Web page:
Location: North 37.78500, West 25.54233 (GPS on the summit)
Difficulty: YDS class 3
Climbed: August 1. 2014
Here is a quick summary of my climbs in the Azores islands.
How to get there:
This interesting hill is
located north-east of Ponta Delgada and slightly west of a line going
south from Ribeira Grande (a town on the north coast). You should locate and find the paved road that
runs through the key saddle right next to the hill, on its south-east side. About 50 meter after this
col (which is in a deep cut), a small farmers road forks left. One may park a car here without blocking
the farmer. This location is N37.78202, W25.54166, elevation about 260 meter.
First, follow the farmers road as it zig-zags uphill. Continue straight ahead (uphill direction) where
the road forks. You will reach the upper area with good grass for cows. The bad news is that the summit
itself is in a bush area with dense vegetation. Go about as high as you can get on the grass (slightly
right when facing uphill), then cross some low vegetation with scattered thorns (no big problems here).
Next is some belt of dense (small) trees. Force your way into this, fortunately, it is easy to continue
as soon as you cross the first 2 meter. Pick your way and enter the rim of a small depression.
Here, you will notice that a trail follows the rim going left and some kind of natural access to
the bottom of the pit is also clear.
Many trees have been cut and branches are piled up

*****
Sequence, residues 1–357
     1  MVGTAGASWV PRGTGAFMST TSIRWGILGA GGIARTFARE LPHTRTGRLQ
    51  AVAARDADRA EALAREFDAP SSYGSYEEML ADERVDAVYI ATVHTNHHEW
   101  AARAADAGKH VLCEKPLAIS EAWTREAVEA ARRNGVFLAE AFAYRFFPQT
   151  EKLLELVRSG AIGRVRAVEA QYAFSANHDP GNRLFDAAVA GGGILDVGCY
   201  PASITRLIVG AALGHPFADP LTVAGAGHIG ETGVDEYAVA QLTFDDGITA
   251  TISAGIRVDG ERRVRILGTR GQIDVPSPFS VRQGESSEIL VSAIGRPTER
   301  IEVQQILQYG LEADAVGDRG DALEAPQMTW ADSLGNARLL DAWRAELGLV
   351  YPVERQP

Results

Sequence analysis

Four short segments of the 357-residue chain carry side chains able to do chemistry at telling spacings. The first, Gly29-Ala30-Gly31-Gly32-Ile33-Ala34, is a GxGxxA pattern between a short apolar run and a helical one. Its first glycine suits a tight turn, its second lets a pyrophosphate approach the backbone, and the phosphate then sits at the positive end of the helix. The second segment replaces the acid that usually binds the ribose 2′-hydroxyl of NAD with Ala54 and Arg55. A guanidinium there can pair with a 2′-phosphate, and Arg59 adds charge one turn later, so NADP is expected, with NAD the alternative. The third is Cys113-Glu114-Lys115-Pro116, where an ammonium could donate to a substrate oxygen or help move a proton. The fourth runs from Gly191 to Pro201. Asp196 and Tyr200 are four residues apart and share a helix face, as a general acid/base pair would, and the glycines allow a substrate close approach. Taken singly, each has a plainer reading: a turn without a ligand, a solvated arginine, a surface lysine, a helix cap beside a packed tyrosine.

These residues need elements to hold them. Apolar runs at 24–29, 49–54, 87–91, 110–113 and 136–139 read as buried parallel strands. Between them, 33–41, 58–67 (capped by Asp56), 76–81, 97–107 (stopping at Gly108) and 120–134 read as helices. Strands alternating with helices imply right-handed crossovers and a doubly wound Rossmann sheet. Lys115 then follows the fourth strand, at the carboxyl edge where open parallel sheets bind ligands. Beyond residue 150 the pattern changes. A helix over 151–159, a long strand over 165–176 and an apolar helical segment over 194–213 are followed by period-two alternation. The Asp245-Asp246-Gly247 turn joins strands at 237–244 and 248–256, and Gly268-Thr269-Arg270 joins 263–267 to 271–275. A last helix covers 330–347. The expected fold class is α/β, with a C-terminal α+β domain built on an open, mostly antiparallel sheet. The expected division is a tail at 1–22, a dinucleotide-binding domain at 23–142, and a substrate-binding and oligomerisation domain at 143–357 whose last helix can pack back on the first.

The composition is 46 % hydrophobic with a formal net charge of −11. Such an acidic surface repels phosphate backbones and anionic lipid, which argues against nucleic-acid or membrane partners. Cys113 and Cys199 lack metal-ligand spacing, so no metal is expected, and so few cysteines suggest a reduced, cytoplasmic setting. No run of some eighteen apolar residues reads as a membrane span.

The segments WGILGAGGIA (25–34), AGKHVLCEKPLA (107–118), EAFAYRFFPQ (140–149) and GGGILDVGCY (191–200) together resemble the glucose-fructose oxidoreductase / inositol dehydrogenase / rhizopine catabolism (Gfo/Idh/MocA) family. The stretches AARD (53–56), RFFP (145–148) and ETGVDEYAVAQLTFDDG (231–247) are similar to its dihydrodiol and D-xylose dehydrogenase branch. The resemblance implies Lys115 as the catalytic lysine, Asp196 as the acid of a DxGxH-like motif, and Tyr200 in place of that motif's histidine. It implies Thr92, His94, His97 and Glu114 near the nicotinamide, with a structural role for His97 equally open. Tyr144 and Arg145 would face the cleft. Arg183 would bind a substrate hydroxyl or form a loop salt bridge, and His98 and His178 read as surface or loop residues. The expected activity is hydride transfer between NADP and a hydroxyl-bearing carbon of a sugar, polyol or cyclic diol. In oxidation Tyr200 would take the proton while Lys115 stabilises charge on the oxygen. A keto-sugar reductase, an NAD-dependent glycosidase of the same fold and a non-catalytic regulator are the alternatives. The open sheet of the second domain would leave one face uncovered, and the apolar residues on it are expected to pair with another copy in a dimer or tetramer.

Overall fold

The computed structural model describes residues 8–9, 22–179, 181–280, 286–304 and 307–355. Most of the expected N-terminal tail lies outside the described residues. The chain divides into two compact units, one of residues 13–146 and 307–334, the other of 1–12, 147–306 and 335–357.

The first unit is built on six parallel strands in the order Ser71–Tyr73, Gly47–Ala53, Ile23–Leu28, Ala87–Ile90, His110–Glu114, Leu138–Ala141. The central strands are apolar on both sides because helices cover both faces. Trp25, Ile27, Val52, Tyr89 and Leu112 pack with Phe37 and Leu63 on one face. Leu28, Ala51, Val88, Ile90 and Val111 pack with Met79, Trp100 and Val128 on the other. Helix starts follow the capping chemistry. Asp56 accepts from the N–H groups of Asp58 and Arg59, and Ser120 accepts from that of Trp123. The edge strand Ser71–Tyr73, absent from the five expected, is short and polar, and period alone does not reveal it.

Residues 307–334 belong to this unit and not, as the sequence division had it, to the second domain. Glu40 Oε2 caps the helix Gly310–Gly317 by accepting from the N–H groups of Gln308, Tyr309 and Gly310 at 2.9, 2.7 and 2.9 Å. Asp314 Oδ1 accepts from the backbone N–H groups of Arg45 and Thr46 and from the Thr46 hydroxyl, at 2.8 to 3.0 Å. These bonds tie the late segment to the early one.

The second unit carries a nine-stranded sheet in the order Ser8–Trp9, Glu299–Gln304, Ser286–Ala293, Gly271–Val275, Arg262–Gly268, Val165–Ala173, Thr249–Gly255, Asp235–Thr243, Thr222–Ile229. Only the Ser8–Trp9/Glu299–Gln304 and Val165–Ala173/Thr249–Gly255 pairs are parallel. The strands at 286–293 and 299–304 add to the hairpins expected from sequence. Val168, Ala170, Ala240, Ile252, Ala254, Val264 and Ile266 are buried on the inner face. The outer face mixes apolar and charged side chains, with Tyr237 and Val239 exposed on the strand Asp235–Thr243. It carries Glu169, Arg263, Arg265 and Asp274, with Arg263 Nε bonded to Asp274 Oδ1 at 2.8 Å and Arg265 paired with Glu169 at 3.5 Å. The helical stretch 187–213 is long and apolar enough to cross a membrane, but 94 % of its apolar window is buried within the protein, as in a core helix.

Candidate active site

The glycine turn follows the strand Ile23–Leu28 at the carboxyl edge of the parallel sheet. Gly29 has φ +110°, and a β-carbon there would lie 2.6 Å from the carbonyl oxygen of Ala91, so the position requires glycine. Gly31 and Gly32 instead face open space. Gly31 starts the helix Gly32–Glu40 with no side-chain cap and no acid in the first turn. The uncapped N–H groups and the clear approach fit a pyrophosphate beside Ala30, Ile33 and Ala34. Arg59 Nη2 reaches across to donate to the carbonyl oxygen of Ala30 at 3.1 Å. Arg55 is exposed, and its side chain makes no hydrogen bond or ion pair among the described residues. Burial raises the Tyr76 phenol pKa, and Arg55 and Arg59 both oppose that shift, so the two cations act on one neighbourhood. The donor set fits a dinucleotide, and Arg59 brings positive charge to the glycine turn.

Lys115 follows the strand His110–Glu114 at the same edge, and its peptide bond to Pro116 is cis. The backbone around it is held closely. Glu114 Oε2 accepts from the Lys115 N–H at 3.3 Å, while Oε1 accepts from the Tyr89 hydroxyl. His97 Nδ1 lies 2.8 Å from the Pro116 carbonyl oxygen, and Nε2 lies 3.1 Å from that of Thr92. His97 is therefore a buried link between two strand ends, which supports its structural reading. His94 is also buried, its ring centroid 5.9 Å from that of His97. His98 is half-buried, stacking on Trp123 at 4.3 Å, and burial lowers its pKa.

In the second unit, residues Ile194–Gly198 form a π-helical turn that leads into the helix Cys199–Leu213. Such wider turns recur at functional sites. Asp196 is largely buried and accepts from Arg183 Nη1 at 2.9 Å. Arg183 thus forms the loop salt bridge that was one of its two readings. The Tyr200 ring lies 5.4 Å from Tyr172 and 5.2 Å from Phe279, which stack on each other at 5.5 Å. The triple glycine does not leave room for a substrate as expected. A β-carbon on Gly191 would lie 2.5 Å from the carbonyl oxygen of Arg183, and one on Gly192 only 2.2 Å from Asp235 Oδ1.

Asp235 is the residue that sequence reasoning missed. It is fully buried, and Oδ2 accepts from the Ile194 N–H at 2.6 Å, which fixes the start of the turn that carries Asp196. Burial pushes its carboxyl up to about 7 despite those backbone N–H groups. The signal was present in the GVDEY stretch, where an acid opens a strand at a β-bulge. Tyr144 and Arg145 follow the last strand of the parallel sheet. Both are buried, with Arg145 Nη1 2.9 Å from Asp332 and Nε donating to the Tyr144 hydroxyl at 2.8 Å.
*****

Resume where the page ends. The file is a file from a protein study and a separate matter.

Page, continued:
in the bottom of the pit.
If you follow the rim trail clockwise, you will easily arrive
at a summit marker.
However, it seems that the highest point is further along, essentially opposite of the
entrance to the pit.
One may possibly continue from the summit marker to the highest point along the rim.
I have not tried this, but it will be a YDS class 2 bush-walk.
I descended into the pit, then climbed more steeply up directly to the summit
point. This was a YDS class 3 route.
I drove from Ponta Delgada and located the trailhead without difficulties.
The hike up to the top of the grass was easy. I looked around for a possible
path into/through the bush, but found none. Next, I just pushed into the dense, small trees
and was rewarded, since progress quickly became easier. To my surprise, I found a pit/crater
and a trail going left. It looked good for my return hike, the way I understood things (wrong as
it turned out!), this trail was made to serve whoever had been cutting trees in the pit.
I proceeded to walk/climb down into the pit, since it seemed clear that the highest point was
exactly on the opposite side. Next, followed a steepish climb up on slightly crumbled rock, but
at least the vegetation did not pose any serious problem. I soon reached what looked
like the highest point. There was no marker, sort of surprising for such a prominent hill.
I proceeded to take a couple of pictures
to prove that I could indeed
see the sea surface beyond
other parts of this top, i.e. that I was indeed on the highest point.
Next, I reversed my route back to the rim trail, then decided to follow it back to the grass.
To my big surprise, the trail did not lead back, but rather
directly to a summit marker!
Now, by looking more closely at the pictures I took from what I perceived to
be the summit, it is actually possible to
identify this summit marker.
The picture clearly supports
the claim that this summit marker
is indeed not at the highest point. The summit marker has an assigned elevation of
374 meter on the map. I have assigned the value of 376 meter to the actual highest point.